Palin's Yahoo E-mail Account Hacked, Contents Posted Online:
Fox News reports:
  In the latest of a series of invasions into Sarah Palin's personal life, hackers have broken into the Republican vice presidential candidate's private e-mail account, and a widely read Web site has published screen grabs from it.
  An article Wednesday in posts family photos and snapshots of e-mail exchanges the Alaska governor had with colleagues. Gawker says the-email account has since been shut down, but it will leave the images up on its site for all to see.
  "Here are the screenshots of the emails saved before the account went dark, along with the contact list. It's newsworthy and we will not be taking it down!" the site declares.
Gawker has posted the contents in several individual posts; here is the most recent.

  UPDATE: The FBI and Secret Service are conducting a joint investigation. The easiest crime to prove here is 18 U.S.C. 1030(a)(2)(C), accessing a protected computer without authorization to obtain information, with the possibility of felony liability under 18 U.S.C. 1030(c)(2)(B)(ii)-(iii) and also the possibility of felony liability under 18 U.S.C. 1030(a)(4). As with most computer crime cases, the real trick will be finding the bad guy rather than finding a charge.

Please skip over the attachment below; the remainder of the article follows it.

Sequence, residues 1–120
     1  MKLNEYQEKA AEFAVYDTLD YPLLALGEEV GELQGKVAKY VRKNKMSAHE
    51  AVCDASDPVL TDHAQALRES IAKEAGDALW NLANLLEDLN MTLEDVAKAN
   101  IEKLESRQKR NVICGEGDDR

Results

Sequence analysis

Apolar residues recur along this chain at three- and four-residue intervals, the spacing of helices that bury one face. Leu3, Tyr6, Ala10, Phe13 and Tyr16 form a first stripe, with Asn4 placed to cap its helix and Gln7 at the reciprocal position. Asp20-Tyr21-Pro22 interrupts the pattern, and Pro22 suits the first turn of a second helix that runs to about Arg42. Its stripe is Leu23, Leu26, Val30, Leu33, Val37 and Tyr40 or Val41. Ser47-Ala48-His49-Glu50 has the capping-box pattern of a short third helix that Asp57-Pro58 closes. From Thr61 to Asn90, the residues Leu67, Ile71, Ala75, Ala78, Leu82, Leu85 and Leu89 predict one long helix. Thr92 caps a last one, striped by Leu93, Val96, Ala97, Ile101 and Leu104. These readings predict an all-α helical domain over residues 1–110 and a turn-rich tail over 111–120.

ANOTHER UPDATE: In the comment thread, J. Aldridge writes:
Since Gawker is fully aware this information was obtained illegally they are looking at some serious charges.
  Well, it's a free country, so anyone can look. But I don't think Gawker is criminally liable for posting the information. While it's unseemly and perhaps rather nasty to post it, it's normally not a crime to post evidence that was obtained as a fruit of crime. There is no claim that the information was obtained in violation of the Wiretap Act, 18 U.S.C. 2511, which might trigger a prohibition on disclosing illegally intercepted materials. The contents here were stored, not in transit, and thus the Wiretap Act's disclosure limitations don't apply. See, e.g., United States v. Steiger, 318 F.3d 1039 (11th Cir. 2003). Further, even if a statute did prohibit such a disclosure — and again, I don't know of such a statute — publishing it is likely protected by the First Amendment under Bartnicki v. Vopper, 532 U.S. 514 (2001), assuming that Gawker was not involved in the hack.